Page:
The Different Flavors of Jeskai Control

Brandon Ayers

Brandon Ayers


Brandon Ayers

Left to Right: Brandon Ayers, John Rolf and Peter Yeh
(Image Copyright : Wizards of the Coast)

My name is Brandon Ayers and I’m a Gold Level MTG Professional. I’m thankful and excited to have the opportunity to be a part of the Hararuya Pros family. I’ve been on the Pro Tour “Train” for the last two years. I have four Grand Prix top 8 finishes and multiple strong Pro Tour finishes with my best finish being at Pro Tour 25th Anniversary in Minnesota. I teamed with John Rolf and Tom Martell to a 16th place finish which locked me for Gold status and our 6-man roster finished in 4th place in the 2017-18 Pro Tour Team Series rankings.

Now that you know a little more about me, let’s delve into Standard and the different Jeskai Control variants! This format appears to be the most diverse we’ve had in years. Choosing what deck to play is far from easy and to make matters worse, each deck has a flexible card pool to build from. With so many options from deck choice to card selection, it’s important to predict the metagame with accuracy.

Prior to Pro Tour Guilds of Ravnica, I struggled to settle on a deck. Everything I played had powerful cards but still felt clunky and inconsistent. Most decks I tried felt like block constructed decks. After a poor showing at the Pro Tour with Green White Angels, I felt more lost than ever.

History of BenaliaGoblin ChainwhirlerJadelight RangerCrackling Drake

Based on the Pro Tour results, I expected White Aggro and Mono Red to be overly represented. In addition to the aggressive decks, I anticipated Golgari, Jeskai Control, and Izzet Drakes to also be public enemies. After talking to some friends, it seemed as though everyone was diluting their decks in preparation for the post-Pro Tour aggressive metagame. I also noticed Magic Online decks adding sweepers and spot removal.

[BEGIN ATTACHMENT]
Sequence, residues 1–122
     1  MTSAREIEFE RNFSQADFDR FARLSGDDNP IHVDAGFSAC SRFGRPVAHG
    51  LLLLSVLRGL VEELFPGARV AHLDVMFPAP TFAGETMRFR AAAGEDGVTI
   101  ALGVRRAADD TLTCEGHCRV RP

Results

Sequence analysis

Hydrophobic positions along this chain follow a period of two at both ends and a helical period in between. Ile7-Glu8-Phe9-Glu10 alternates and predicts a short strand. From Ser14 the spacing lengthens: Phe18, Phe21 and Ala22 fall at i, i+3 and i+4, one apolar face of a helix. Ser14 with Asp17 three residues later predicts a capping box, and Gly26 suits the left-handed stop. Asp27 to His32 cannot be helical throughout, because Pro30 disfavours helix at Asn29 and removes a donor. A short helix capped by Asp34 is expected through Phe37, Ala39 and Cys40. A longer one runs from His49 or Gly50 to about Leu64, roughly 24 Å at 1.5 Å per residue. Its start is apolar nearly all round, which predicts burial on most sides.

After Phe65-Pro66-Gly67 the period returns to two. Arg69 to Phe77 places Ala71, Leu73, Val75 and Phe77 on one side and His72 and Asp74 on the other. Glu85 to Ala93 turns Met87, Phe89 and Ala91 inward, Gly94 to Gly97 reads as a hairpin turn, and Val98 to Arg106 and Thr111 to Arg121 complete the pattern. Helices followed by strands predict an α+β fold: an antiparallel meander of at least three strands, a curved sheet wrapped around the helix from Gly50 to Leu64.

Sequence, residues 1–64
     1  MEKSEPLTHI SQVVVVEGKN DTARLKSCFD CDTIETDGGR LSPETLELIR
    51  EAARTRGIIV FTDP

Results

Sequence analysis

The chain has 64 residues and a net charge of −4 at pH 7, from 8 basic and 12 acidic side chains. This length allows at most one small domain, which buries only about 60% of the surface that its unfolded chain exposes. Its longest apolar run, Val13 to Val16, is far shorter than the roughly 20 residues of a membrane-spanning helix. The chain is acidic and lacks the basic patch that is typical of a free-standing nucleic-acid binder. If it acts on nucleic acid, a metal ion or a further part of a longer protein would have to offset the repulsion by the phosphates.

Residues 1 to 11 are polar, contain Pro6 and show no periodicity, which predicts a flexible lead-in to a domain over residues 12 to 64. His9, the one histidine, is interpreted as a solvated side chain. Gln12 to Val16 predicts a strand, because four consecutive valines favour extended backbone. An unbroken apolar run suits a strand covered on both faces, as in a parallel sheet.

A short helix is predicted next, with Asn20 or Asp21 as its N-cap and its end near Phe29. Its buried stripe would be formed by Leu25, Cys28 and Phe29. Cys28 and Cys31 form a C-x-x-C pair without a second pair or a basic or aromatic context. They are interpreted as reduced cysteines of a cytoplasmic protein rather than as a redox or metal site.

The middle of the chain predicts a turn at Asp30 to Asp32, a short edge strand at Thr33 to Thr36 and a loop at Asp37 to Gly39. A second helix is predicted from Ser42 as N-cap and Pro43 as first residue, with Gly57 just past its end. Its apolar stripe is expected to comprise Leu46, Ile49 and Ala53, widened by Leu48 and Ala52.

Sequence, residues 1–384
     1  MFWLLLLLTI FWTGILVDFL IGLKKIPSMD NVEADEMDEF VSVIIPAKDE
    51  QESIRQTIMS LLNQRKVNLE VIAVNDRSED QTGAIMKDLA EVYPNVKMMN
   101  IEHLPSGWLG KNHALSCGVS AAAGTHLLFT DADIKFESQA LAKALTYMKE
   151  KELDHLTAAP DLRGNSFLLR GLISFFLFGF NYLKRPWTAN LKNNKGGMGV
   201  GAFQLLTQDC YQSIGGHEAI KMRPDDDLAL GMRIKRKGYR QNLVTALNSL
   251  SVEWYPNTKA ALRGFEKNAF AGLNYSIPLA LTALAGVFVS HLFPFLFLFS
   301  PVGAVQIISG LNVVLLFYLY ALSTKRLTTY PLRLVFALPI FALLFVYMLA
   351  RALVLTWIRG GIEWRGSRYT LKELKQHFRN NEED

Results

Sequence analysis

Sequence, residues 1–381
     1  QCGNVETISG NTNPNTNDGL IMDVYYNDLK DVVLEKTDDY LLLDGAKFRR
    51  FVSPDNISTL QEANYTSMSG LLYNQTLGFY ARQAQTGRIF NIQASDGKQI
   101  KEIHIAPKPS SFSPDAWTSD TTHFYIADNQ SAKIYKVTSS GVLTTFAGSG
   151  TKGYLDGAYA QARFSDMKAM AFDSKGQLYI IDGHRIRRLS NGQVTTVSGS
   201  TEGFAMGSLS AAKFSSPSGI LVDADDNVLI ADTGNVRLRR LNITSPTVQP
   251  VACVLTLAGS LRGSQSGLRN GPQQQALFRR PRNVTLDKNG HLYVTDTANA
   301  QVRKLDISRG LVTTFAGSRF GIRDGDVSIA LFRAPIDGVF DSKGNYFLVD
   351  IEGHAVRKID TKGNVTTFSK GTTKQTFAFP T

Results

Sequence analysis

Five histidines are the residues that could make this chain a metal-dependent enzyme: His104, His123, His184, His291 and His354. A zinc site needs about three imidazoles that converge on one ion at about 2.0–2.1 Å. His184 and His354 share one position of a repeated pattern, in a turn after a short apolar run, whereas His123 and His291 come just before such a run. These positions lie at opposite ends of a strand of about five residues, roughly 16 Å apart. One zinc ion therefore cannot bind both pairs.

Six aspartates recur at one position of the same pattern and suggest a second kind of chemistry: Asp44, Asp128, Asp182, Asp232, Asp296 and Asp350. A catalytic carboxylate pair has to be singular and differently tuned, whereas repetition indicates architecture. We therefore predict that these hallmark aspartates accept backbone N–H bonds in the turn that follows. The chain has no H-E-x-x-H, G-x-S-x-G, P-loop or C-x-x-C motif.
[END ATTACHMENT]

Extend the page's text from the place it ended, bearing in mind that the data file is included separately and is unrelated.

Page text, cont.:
Deafening ClarionTeferi, Hero of DominariaExpansion+Explosion

With the information I had, Jeskai Control stood out as an absolute all-star choice for the weekend. With minimal time to practice I was initially concerned about submitting a control deck because I’m not exactly the fastest player, and I’ve also avoided controlling archetypes for the past five years or so.

After endlessly contemplating between Jeskai Control and Golgari I decided to lock in Jeskai Control on Friday night. Regardless of the outcome, I couldn’t have been happier with my choice!

Here is the decklist I piloted to 14th place at Grand Prix Milwaukee 2018:

Niv-Mizzet, ParunSeal AwayJustice Strike

I knew I wanted to add 《Niv-Mizzet, Parun》 to the main deck because it’s great against Izzet Drakes and opposing control decks. I also planned on other Jeskai Control/Grixis players to play a respectable number of 《Niv-Mizzet, Parun》 in their main deck.

The stock Jeskai Control decks tend to play 2-4 《Seal Away》. This card really shines against 《Adanto Vanguard》 but I expected White Weenie (WW) decks to be heavily targeted.

After careful consideration, I settled on 3 《Justice Strike》 and zero 《Seal Away》. 《Seal Away》 can be played around somewhat easily so I get some upside if the majority of lists play 《Seal Away》, but I play 《Justice Strike》. Being able to interact with 《Niv-Mizzet, Parun》 at instant speed and then getting a full turn without fear of interaction from your opponent can heavily sway the game.

Grand Prix Milwaukee 2018